LOS ANGELES -- More than 500,000 New York City students next year will receive a 144-page student planner that contains useful tips on how to organize their schoolwork-and up to 30 pages of national advertising.
School boards across the country still wrestle with the appropriateness of in-school marketing, but they are increasingly turning to advertisers as a source of new revenue or to defray costs as budgets tighten.
Many efforts provide an educational tool and include local groups or advertisers. Planners, for example, are backed by local advertisers in a Florida school, and in Connecticut, the electrical workers' union pays for their production, said Dan Fischer, publisher of Quality Planners, the Hicksville, N.Y., company that produces the New York planners.
"It's individual school district by school district-they're all struggling with it," said Susan Singer, president of Chicago-based Field Trip Factory, which creates sponsored field trips for students in 44 states. She said that many of the systems she works with are OK with the concept "if there's a logical way of enhancing that education by using valuable marketing techniques."
"We are very active in trying to go after alternative revenues," said Michael Coneys, chairperson of the Chancellor's Committee for Approval of School Advertising, formed in 1996 to regulate in-school marketing to New York's 1.1 million students. "There are still groups that are very sensitive to it, but if we are responsible, then we really get much fewer complaints."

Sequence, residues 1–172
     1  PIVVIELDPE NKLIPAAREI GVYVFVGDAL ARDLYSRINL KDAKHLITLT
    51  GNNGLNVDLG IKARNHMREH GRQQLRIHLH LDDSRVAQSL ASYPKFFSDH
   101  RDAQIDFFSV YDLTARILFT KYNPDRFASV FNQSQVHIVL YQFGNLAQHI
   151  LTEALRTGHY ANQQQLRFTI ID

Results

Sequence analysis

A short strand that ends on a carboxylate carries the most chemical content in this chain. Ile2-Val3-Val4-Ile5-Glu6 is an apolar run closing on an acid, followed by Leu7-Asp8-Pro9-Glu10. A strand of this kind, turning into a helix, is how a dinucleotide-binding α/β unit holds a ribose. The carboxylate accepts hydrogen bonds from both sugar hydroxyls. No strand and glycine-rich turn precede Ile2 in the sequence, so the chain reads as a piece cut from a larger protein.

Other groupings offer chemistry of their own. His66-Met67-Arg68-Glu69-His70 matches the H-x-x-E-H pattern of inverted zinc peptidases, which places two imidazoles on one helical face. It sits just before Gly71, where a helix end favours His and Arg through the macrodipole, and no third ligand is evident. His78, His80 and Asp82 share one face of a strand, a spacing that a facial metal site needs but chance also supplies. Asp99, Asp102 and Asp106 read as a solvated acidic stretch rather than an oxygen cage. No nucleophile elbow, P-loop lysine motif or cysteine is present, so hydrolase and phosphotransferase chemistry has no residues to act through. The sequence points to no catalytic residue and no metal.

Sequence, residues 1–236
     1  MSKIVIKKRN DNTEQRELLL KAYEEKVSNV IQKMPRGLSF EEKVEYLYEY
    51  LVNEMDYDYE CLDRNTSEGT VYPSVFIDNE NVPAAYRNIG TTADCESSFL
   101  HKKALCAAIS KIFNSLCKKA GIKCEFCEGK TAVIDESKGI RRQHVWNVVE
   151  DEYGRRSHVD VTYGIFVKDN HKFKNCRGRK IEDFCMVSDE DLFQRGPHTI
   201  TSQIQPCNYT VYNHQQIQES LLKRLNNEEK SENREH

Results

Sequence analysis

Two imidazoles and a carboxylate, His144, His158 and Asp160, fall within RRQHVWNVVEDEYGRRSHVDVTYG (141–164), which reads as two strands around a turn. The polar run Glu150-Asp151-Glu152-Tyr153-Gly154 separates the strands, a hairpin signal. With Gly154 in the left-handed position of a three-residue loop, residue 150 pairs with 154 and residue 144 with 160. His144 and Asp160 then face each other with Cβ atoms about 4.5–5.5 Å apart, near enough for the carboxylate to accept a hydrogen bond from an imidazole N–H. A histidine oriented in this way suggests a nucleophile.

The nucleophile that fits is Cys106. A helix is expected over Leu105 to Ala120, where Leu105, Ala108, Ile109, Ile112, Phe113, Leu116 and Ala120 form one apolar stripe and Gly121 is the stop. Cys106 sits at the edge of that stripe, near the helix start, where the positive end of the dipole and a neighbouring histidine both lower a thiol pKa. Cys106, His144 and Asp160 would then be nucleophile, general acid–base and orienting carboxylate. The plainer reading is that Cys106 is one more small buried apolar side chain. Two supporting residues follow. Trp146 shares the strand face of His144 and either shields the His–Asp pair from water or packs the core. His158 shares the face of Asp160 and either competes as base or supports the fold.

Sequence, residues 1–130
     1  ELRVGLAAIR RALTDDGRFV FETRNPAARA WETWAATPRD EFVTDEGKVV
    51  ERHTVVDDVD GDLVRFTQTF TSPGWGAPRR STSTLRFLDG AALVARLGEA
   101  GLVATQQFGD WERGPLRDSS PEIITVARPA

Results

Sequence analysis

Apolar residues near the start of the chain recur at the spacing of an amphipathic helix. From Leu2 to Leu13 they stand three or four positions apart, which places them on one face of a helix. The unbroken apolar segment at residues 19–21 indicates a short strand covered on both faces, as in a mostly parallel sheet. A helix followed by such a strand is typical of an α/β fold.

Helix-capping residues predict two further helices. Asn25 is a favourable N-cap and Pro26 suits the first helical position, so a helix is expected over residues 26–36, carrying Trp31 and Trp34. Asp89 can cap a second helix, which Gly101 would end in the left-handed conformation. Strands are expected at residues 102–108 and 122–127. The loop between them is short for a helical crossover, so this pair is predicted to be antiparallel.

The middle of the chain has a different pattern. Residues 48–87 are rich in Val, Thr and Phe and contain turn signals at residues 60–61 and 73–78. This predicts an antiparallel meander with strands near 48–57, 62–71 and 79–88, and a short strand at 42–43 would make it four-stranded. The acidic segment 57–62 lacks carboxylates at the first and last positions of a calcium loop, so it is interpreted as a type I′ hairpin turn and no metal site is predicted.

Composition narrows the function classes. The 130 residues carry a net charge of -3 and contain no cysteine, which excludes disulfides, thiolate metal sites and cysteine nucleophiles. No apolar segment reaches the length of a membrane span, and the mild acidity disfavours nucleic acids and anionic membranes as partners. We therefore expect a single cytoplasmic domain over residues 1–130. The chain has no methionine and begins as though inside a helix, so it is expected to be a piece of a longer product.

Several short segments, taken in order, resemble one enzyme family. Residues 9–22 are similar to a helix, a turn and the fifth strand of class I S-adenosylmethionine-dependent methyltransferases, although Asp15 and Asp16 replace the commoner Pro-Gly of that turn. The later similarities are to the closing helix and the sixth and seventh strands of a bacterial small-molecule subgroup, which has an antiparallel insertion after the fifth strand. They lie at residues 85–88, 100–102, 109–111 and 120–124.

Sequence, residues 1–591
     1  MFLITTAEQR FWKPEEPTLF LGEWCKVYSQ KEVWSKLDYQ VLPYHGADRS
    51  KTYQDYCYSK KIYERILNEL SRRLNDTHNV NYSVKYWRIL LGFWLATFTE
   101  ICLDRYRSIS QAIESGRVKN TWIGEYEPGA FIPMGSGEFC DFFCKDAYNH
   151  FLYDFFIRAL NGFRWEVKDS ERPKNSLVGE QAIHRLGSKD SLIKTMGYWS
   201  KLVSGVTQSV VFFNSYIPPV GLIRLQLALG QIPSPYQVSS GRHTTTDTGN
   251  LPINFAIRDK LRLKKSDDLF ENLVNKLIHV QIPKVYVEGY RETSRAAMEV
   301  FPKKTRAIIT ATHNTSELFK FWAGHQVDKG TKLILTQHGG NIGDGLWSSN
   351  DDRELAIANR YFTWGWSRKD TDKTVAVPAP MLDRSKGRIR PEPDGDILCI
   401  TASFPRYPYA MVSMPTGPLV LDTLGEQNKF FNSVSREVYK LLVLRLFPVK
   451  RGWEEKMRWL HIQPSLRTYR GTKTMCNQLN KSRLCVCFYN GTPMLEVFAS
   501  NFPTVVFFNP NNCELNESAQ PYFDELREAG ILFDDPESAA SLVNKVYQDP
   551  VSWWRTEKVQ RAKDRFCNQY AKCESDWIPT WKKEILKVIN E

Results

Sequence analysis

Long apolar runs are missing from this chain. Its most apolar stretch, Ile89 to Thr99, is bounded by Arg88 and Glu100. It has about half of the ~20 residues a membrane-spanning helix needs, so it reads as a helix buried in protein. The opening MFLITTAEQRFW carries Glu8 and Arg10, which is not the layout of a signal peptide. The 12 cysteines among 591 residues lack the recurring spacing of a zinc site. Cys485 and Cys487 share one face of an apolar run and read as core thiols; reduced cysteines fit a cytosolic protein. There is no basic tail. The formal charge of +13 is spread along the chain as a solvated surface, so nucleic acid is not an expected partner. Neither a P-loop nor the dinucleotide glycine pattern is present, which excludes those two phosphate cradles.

Quality Planners has sold pages, which cost $28,500 each, to Snapple, Con Edison and The New York Times, Fischer said. The school system gets the planners for free. Coneys estimated that if the schools had to buy the planners, which are targeted at middle and high school students, the cost would be $6-7,000 per 1,000 units.
"Our approach is not a hard sell. We want to make sure we are making good use of the situation, as opposed to trying to exploit something," said Steve Jarmon, vp of communications at Snapple.